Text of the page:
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A red, white and blue liftoff


Apprehension inevitably haunted the Fourth of July celebration of shuttle Discovery's successful return to space. Fears will doubtless linger until the orbiter and its crew land back on Earth in 10 days or so. That's as it should be. Space travel is still far too experimental to be taken for granted, as the tragic explosions of shuttles Challenger and Columbia at the beginning and end of their missions, respectively, attest.

Despite continuing concerns about breakaway chunks of foam insulation of the sort that damaged Columbia three years ago, NASA Administrator Michael Griffin made the correct calculation to OK Tuesday's launch. After all, space flight is by definition risky, and further delays might well have grounded the costly and controversial shuttle fleet permanently.

This journey is among the last voyages of the shuttle, in any case. The fleet is scheduled to retire in 2010 as NASA shifts its attention to manned flights to the moon and Mars. But vital work for the shuttle remains.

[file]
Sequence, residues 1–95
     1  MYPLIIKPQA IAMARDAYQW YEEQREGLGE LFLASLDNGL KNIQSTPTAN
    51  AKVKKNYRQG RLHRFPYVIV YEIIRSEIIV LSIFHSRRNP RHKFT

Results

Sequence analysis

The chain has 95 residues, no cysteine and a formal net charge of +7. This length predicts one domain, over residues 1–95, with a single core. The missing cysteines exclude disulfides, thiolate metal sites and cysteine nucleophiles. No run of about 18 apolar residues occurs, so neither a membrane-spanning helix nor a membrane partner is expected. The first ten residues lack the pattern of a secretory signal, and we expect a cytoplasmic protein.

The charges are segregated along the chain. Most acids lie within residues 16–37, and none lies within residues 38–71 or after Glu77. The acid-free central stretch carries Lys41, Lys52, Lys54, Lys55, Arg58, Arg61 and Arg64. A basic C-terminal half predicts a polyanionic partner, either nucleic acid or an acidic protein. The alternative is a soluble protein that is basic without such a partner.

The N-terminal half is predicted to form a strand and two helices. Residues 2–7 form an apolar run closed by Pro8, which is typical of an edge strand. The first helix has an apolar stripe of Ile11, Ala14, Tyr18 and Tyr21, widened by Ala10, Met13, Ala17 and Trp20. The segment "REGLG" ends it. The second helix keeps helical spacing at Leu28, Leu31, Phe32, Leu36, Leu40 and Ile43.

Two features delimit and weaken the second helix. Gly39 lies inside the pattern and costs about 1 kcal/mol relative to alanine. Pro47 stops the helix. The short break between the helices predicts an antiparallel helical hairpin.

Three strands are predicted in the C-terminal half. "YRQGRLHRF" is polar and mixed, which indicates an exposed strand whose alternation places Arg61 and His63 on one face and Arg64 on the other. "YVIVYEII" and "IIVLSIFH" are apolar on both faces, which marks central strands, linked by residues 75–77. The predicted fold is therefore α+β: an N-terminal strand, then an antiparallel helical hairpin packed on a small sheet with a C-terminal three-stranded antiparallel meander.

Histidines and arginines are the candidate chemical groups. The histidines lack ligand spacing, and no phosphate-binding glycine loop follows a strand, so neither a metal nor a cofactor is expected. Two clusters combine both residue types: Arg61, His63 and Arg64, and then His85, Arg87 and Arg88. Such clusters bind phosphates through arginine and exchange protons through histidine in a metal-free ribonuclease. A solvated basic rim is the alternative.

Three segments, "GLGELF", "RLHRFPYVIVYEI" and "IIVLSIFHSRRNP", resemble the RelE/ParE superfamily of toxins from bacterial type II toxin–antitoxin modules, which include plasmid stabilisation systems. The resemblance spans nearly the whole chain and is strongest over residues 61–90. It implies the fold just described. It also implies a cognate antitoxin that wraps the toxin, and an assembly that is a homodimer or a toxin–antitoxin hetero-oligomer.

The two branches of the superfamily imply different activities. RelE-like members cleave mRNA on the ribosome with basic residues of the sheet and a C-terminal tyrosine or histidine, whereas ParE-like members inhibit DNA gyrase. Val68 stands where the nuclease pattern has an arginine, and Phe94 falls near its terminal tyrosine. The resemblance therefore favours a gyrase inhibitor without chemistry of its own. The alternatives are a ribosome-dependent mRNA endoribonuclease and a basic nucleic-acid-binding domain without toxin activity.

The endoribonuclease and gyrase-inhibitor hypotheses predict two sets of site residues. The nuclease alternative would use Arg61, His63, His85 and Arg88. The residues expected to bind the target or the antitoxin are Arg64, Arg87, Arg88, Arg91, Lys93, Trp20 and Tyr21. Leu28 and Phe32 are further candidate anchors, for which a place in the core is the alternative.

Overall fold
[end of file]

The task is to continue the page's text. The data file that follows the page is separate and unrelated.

Most immediately, Discovery will bring supplies, new equipment and a new crew member to the International Space Station, arriving there today. Four additional trips a year over the next four years may also be required to complete construction of the space station - one of NASA's major objectives for the shuttle.

At least equally important from a scientific standpoint is the shuttle's expected repair mission to the Hubble Space Telescope, which needs a team of astronauts to fix its failing batteries and gyroscopes. Without that, this amazing window into the secrets of the universe will likely go dark within two years, and a replacement telescope is not scheduled for launch until 2015.

Mr. Griffin has not yet committed to sending astronauts into space just to repair Hubble, saying he wants to wait until after successful completion of Discovery's current trip. But as a rocket scientist who formerly directed the Johns Hopkins Applied Physics Lab, he is in a position to understand more keenly than most the extraordinary value of the pictures and information beamed back from the telescope, which is directed from Baltimore.

Enhancing knowledge and understanding not only of the universe but of Earth itself is the real payoff from the nation's investment in space travel. Nobody gets that better than a scientist on a budget.

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